tive at Washington, arrived today, ad
vising the mediators that constitution
alist delegates were on their way to
the mediation conferences with full in
structions. Discussion has continued about the
type of man for the provisional Presi
dency. It practically has been resolved
to abandon generalities about types
and search for the man whom all would
It can be said on the highest author
ity that the American delegates at no
time have suggested the name of Gen
eral Villa or General Carranza, and
that they do not purpose doing so.
BOY AND RESCUER DROWN
Mother Wades in Water, but Son Is
Beyond Reach ; She- Collapses.
SOUTH BEND, Wash.. June 13.
Branch Bailey, aged 16. and William
Wallen, aged 17, who went to save
the Bailey boy, were drowned In the
Wlllapa River today Just beyond the
reach of Mrs. Rhoda Bailey, mother
of the younger boy, who waded Into
the water above her waist In an ef
fort to reach her son.
As a result of the shock of seeing
her son drown, Mrs. Bailey collapsed
and it is feared she will not regain her
mind. Bailey, who could not swim,
fell off of a log on which he was
playing and Wallen Jumped In after
IN SCANTY DRESS 4 DRIFT
A iter Night at Sea Boys and Girls
v Work Launch to Harbor. ,
AVALON, Cal June 13. Footsore
and suffering. from hunger and expo
sure, George Carter and James Forrest,
together with two young girls who had
spent a night adrift in a launch, walked
into Avalon tonight and were cared for.
They had managed to work the launch
Into one of the small harbors on the
seaward side of Catalina Island, where
they abandoned It.
' Their route from the little havea to
this port lay over steep hills and along
rough roads and they suffered severe
ly in their bare feet. They were at
tired only in bathing suits.
SHRINE TO MEET llf CANYON
Full Ceremonial Session to Be Held
at Bottom of Gorge In Fall.
PHOENIX. Ariz., June IS. With Im
perial Potentate Fred . R. Smith. . of
Damascus Temple, , Rochester, N. Y..
presiding, a full ceremonial session of
the Mystic Shrine will be held at the
bottom of the Grand Canyon In Septem
ber. A special train en route from Los
Angeles to Winnipeg will be detoured
for the occasion.
This will be the second lodge session
held in the Grand Canyon, the first be
ing that of the blue lodge last Septem
ber. The caravan will march down
Bright Angel trail about September 24.
Man. Run Down, by Wagon.
William Malcolm, 22 North Front
street, was taken to St. Vincent's Hos
pital last night after he had been run
down byia wagon at Seventeenth and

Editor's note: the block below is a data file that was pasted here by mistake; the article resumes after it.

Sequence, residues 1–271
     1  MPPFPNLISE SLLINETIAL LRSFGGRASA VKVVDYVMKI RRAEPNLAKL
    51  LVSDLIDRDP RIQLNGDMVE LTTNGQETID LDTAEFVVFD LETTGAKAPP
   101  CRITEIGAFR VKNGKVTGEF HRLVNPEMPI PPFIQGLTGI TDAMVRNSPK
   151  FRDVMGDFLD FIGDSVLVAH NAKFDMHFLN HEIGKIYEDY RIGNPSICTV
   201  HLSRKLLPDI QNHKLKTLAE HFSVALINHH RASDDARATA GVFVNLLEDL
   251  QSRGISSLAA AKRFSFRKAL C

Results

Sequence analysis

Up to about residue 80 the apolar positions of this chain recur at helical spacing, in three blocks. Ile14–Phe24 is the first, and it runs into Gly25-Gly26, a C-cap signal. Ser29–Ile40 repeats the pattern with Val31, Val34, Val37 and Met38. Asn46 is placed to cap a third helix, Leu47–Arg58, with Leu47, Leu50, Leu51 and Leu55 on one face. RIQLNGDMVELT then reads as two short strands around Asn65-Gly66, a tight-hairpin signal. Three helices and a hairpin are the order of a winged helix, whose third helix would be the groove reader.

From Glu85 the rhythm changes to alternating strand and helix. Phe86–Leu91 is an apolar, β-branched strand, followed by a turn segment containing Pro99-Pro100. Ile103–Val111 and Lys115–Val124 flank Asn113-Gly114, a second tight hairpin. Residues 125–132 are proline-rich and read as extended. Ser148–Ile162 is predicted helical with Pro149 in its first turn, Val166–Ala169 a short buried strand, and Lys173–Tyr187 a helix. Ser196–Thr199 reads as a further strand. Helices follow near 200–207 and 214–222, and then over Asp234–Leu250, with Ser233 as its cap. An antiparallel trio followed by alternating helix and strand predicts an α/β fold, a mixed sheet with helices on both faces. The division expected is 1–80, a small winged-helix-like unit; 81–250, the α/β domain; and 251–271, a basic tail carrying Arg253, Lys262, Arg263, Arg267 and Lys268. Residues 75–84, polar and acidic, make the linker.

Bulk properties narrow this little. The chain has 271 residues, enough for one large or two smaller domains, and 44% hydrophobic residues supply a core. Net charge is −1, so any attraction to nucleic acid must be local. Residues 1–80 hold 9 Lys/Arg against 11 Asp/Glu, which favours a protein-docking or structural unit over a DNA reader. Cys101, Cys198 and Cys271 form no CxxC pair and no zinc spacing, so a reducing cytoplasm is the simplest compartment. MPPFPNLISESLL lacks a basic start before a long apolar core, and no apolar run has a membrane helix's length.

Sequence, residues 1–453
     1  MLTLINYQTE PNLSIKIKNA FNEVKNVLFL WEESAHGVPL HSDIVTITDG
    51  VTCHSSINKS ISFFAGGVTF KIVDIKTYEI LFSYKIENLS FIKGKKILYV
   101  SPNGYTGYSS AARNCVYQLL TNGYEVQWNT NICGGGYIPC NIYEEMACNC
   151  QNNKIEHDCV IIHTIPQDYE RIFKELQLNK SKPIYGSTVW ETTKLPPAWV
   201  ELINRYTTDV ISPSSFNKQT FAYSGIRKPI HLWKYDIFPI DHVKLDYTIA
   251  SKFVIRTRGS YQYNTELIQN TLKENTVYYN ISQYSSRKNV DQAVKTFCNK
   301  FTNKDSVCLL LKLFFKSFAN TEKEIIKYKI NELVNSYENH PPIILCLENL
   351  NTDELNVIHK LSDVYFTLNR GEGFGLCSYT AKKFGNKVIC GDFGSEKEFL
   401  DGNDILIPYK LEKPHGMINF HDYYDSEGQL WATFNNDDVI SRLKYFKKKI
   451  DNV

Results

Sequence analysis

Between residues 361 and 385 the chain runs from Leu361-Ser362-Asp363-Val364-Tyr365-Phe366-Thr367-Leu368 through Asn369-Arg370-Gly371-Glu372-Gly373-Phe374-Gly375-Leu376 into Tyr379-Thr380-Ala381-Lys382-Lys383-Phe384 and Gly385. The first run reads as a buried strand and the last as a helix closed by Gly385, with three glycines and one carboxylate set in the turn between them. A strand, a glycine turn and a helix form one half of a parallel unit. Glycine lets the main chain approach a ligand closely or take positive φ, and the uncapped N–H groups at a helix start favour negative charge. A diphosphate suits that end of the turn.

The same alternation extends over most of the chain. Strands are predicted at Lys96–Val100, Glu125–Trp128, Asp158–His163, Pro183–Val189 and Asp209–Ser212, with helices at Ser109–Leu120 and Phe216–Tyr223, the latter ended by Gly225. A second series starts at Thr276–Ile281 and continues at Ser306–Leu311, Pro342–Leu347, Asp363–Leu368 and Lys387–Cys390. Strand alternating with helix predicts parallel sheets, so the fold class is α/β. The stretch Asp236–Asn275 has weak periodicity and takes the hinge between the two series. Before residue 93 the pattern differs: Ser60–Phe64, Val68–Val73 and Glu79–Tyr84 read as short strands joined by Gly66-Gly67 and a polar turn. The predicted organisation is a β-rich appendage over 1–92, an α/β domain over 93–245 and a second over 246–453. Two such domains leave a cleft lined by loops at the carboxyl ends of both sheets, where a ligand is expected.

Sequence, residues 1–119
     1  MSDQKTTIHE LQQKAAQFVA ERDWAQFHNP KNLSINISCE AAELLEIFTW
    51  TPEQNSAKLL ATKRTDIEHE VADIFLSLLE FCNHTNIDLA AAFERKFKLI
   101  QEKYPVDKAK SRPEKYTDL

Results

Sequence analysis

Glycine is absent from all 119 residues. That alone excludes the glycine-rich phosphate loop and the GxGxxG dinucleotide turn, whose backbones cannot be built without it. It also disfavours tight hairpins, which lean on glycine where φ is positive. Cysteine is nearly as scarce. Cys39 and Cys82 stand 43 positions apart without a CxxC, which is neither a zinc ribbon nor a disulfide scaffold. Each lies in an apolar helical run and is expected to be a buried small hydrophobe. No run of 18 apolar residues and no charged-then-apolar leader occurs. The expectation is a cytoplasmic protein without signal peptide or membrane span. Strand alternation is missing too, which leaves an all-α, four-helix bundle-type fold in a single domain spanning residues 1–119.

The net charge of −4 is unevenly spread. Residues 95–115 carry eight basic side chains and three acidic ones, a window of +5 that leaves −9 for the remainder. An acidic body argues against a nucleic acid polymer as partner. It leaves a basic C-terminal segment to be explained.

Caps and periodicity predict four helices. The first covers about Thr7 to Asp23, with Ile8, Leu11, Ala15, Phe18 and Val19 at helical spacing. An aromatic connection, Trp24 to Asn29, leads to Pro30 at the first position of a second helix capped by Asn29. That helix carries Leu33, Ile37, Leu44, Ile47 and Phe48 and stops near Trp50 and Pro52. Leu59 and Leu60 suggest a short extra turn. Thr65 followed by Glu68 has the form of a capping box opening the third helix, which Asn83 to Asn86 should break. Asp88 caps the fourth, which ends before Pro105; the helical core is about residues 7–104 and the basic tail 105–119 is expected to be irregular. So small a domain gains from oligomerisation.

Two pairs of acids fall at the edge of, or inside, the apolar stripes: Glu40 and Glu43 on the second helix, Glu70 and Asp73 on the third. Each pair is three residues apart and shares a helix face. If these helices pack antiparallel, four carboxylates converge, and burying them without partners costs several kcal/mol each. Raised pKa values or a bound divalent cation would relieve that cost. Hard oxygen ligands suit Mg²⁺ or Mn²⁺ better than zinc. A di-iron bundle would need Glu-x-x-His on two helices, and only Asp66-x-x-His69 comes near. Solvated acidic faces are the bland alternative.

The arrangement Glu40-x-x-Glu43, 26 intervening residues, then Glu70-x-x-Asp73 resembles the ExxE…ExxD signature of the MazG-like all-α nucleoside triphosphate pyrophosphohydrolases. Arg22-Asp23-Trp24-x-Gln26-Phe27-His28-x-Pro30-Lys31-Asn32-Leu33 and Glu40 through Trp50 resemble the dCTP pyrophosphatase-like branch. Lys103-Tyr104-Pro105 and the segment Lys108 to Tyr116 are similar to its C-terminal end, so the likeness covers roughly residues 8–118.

Thurmanf streets. He sustained a num
ber of painful bruises.
X'CL"' JsM f .kJU'-Wi.
PRICE FIVE flEVXS
BLACK BANNER IS
RAISED IN ITALY
Republic Proclaimed by
Peasants' League. .
COMMITTEE ARMS VILLAGERS
Ignorant Masses Believe Every
PUBLIC BUILDINGS SACKED
Private Property Sold for Song to
Give Impression "Republic" Will
Bring Millennium 10,0 00 Sol
diers Are Preparing.
ROME, June IS. An outstanding fea.
ture In the general strike situation to
day was the news received at the cap
ital of the proclamation of an Italian
republic by the people of several
towns bordering on the Adriatic, in
In some towns like Fabrlano and
Rimini scenes similar to those of the
French revolution ' were enacted. The
inhabitants, misled by reports Issued
from the headquarters of the anarchis
tic committee at Ancona, an Important
seaport on the Adriatic, to the effect '
that a revolutionary movement had
been successful in overthrowing the
monarchy, proclaimed a republic and
substituted for the national flag the
black banner of the Peasants' League.
People Fed on Rumors.
All the newspapers were burned the
moment they reached those towns in
order to prevent the people from
knowing the real condition of the coun
try, as the revolutionary leaders had
declared that King Victor Emmanuel
had escaped to Montenegro; that the
revolution had mastered the entire pen
insula, and that the troops had Joined
with the people.
In some Instances the soldiers were
compelled to fire on the people before
order was restored, with the result that
several persons were killed or in
jured. At Ancona, where the first demon
stration took place, which resulted in
the general strike, bluejackets from
the naval division, commanded by Ad
miral Umberto Cagnl. reinforced the
garrison. Ancona has been a hotbed
of the revolutionary movement, as the
leaders have been spreading the re
port that King Victor Emmanuel had
been forced to flee the country and
that Premier Salandra was a prisoner.
Towns Baled by "Committee.
The most serious situation exists
in the province of Ravenna, where vil
lages and small towns are being ruled
by the local republican committee,
which has armed the inhabitants, thus
giving the Ignorant masses the im
pression that any kind of violence will
be permitted. Churches and clubs have
been sacked or burned, but in the case
of private residences the revolutionists
have asked the owners' permission to
take possession of their belongings.
These have been sold for next to noth
ing in order to give the poorer people
the impression that the "republic" will
maintain Its promise to bring hack the
golden age and end forever the high
cost of living.
Ten thousand soldiers are gradually'
being spread throughout the provinoe
and It Is expected that Sunday will
see the awakening from the brief
Strike Cessation Ordered.
The Syndicate of Railway Men today
ordered a cessation of the strike
That the authorities were ready to
Concluded on Pmss 2.)